Also, a proper understanding of the risks allows the developer to concentrate the security functionality and assurance on just those risks that are known to be viable. The classic means of identifying and characterizing risks to software is through risk assessment. There are a number of risk assessment approaches in use; however, the Microsoft threat modeling approach is popular in industry. At a practical minimum, risk/threat understanding encompasses the identification and evaluation of the actual risks/threats identified by the risk assessment/threat model.

From a process standpoint, the specification of software assurance requirements only requires knowledge of the risks involved. However, design requires a more complete understanding of the likelihood and impact of each risk. Thus, risk understanding applies in two places in the life cycle, in the development of the security requirements and in the detailed design process. There are a number of requirements engineering processes that can be applied to develop security requirements. The understanding of risk at that level can also be driven by architectural risk analysis results, abuse and misuse cases, and attack patterns [McGraw 2004].

Once the risks are sufficiently understood, the next logical step involves the development and validation of the functional and non-functional security requirements. Ideally these flow logically and directly from the understanding gained by the risk assessment exercise. The actual software requirements specification always encompasses a much larger set of requirements. From a costing perspective, however, the only costs that are assignable to assurance are those associated with building functions necessary to ensure the general robustness and security of the software.

Operational security testing takes place after the software is built and tested for conventional correctness. It is, in effect, a form of pre-release testing. It primarily involves ethical hacking, but it can also involve formally scheduled penetration tests. The former activity should identify all electronic vulnerabilities, while the latter will identify vulnerabilities arising from other factors such as human-based threats. The aim is to identify points of vulnerability that have either not been identified in the risk/threat understanding part of the process, or flaws that might have been injected in the construction process. The idea of this activity is to maintain the software assurance function as a living entity, and the cost of doing that is directly assignable to assurance. The life cycle model that this produces is shown in Figure 1.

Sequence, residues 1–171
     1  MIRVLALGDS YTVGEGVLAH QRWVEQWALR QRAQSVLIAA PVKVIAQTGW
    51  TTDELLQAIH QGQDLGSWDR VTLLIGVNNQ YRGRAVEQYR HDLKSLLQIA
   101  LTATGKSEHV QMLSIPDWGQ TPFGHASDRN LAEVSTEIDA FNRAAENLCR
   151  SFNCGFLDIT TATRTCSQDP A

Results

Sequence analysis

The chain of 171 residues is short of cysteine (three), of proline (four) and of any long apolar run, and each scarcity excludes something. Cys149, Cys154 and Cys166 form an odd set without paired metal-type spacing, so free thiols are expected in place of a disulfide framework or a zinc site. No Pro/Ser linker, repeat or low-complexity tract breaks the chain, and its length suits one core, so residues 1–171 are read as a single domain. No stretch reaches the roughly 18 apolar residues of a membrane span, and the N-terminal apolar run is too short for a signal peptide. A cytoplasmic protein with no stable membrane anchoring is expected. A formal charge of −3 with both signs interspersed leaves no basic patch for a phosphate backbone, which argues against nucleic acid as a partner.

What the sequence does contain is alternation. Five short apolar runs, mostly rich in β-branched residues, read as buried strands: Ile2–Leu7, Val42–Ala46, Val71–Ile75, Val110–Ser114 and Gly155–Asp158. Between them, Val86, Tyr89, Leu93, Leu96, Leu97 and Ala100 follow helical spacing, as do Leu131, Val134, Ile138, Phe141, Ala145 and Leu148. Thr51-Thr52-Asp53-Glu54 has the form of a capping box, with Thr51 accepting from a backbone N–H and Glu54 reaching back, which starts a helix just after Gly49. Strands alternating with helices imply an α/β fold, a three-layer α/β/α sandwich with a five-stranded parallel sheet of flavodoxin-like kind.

Figure 1. Life cycle model for secure software assurance activities

The software assurance activities are in italics. These comprise the only aspects of the development process that are assignable to assurance under our assumptions. They function together to ensure that (a) all potential risks are identified and the proper response incorporated into the solution at the beginning of the process and (b) the robustness of the software is proven at the end of the process.

Finally, there is also a general management cost component that is spread over all projects throughout the life of the software assurance process. For example, identifying risks to assets and understanding the likelihood and consequences of the realization of those risks requires that the organization already have in place an agreed-on method for assessing likelihood and quantifying consequences. This must be established before the organization runs the first project through the assurance process.

Furthermore, the organization has to establish a formal decision-making structure that defines who should make the call as to whether to accept, transfer, or mitigate risks based on those specific estimates of likelihood and consequence. Finally, there needs to be an auditing function that ensures that the “formulas” for likelihood and consequences are applied correctly across all projects.